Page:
“no, don’t do this” – then don’t do it!
“no, don’t do this” – then don’t do it!
The Top Ten Questions Every LGD Buyer Needs to Ask LGD Breeders
1. Why are they breeding LGDs and how long have they been doing it? Do they require an application? Are they simply breeding dogs as a cash crop to make money on a fad? What is their game plan and their reason for breeding? Can they document how long they’ve been breeding LGDs? Do they strike you as someone who is truly invested in their dogs, or cavalier about them and disconnected? Reputation breeders have an application process that vets out potential customers. Instead of fearing this, the buyer should embrace the process as it shows the breeder cares enough to place their pups with the very best homes possible.
2. Are they breeding a legitimate LGD breed or cross of LGD breeds? Where did their dogs come from? Unfortunately with the LGD popularity boom has come an increased lack of transparency and truthfulness amongst breeders. In a perfect world, there’d be no deception and lies, but we don’ live in a perfect world, do we? Many examples exist of breeders claiming their dogs were imported over from another country when the dog was domestically bred here in the USA. If a breeder can’t or won’t tell you the name of the kennel or breeder they supposedly imported a dog from, that is a huge red flag. Imported bloodlines typically add to a dog’s price, so steer clear of anyone using the import ruse just to charge exorbitant sums for their pups.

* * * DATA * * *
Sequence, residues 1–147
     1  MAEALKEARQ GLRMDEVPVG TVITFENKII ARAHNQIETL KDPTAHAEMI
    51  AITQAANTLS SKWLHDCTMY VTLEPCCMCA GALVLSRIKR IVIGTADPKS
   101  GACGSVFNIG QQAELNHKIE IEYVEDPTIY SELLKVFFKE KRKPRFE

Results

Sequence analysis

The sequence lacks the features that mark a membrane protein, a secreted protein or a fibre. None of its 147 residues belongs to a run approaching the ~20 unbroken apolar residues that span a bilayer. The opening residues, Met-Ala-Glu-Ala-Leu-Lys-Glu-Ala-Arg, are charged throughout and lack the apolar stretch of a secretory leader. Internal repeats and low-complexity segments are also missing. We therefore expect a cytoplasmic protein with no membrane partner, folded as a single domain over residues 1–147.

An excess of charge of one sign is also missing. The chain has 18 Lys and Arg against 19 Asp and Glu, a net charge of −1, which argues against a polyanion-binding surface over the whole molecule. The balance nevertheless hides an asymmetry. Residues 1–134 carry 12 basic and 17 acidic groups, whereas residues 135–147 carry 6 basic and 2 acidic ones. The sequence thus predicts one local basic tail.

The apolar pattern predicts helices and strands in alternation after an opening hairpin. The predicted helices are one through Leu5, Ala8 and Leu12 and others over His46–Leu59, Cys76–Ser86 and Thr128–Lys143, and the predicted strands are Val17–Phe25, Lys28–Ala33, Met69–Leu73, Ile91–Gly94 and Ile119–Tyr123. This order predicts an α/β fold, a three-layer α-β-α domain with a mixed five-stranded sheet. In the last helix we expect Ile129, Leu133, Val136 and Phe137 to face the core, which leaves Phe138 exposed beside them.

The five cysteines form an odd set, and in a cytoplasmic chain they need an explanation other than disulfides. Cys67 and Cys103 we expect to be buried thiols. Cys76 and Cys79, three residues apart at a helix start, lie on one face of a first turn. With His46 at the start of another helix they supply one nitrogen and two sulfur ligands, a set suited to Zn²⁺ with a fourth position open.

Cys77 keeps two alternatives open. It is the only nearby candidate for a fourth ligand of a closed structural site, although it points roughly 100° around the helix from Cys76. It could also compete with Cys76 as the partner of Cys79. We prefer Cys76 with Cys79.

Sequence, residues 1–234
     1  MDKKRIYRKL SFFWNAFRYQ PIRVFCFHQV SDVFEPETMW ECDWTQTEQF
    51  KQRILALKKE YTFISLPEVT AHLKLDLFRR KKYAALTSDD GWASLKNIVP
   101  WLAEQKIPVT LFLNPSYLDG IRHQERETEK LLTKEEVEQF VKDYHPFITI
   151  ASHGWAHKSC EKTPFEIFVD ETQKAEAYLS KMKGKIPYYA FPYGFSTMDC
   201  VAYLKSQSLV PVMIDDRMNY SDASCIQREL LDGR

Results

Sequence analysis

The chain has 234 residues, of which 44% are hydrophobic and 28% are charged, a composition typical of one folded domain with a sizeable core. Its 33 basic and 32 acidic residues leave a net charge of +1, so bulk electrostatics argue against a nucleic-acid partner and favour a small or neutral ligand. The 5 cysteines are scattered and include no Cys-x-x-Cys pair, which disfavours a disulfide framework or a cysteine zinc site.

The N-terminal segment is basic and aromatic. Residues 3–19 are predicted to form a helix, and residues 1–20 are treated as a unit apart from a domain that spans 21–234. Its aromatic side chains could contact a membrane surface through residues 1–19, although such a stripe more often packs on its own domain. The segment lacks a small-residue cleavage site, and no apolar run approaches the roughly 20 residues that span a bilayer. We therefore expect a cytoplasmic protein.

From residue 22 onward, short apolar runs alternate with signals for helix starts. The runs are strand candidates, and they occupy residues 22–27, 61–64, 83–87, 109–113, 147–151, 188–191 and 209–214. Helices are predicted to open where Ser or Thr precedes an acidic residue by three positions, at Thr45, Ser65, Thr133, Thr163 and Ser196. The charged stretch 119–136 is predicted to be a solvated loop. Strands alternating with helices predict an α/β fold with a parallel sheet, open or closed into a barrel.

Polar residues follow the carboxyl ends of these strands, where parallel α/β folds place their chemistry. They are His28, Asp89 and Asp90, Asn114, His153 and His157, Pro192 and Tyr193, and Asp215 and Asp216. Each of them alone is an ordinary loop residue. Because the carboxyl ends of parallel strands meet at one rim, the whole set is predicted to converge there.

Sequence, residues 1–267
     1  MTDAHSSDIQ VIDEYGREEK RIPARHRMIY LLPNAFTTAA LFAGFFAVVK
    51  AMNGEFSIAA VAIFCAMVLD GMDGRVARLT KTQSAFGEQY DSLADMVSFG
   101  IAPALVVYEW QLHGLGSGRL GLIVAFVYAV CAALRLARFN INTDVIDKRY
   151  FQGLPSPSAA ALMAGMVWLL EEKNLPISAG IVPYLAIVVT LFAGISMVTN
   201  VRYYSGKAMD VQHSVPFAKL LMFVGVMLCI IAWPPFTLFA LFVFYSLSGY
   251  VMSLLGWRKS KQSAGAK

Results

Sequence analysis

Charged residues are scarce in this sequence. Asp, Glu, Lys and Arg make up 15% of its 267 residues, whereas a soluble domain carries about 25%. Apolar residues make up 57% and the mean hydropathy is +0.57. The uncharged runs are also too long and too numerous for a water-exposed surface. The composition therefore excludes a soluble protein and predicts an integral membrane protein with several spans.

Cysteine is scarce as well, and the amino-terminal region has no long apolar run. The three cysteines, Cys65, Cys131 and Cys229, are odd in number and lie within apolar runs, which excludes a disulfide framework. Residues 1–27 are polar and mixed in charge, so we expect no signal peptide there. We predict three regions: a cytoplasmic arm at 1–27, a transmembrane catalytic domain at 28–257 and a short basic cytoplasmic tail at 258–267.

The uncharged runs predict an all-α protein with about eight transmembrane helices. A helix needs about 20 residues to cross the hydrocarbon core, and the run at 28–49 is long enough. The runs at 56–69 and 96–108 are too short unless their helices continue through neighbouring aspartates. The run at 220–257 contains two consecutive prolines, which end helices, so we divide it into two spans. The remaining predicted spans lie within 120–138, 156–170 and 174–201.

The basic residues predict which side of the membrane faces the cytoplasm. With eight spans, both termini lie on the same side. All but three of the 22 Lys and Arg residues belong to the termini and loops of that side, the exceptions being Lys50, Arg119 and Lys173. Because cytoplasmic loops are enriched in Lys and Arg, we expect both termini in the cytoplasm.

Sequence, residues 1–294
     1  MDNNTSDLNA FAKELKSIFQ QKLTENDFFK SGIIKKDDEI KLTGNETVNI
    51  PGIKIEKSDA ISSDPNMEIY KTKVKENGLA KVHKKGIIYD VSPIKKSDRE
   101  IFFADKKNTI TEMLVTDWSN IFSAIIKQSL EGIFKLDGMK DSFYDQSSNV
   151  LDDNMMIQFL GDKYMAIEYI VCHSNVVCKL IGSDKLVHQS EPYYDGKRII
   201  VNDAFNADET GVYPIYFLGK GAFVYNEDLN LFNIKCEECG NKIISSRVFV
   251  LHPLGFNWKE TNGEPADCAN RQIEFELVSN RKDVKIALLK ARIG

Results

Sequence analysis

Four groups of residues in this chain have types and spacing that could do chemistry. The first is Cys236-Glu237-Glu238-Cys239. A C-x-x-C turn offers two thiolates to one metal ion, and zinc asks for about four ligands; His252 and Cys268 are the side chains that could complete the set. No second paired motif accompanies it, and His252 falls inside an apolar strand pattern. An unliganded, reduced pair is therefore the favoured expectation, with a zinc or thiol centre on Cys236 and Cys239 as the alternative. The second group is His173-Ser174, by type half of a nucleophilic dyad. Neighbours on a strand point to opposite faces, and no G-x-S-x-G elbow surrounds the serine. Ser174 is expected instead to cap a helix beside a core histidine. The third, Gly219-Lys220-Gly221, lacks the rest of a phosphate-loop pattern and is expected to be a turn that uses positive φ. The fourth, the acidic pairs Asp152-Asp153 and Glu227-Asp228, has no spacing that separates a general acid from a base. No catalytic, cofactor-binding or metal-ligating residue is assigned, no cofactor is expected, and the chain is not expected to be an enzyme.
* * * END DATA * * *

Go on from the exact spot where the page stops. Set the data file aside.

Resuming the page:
The explosion in popularity of LGDs has unfortunately fostered increased bad breeding choices bordering on the ludicrous. Classified ads abound of LGDs crossed with everything from herding dogs such as Border Collies and Australian Shepherds, to Great Danes, Newfoundlands, pit bulls and more. The list is upsetting and endless. The sellers of these dogs often try to pass them off as “the newest breed of farm dog” or a dog that “does it all: both guarding and herding”. Some go as far as to try to create a new breed by crossing several breeds together and giving the end product a name. What this does to the gene pools in America is pollute and dilute great working instincts, physical soundness and type, and threatens to destroy guarding instincts. It is every honest LGD breeder’s nightmare.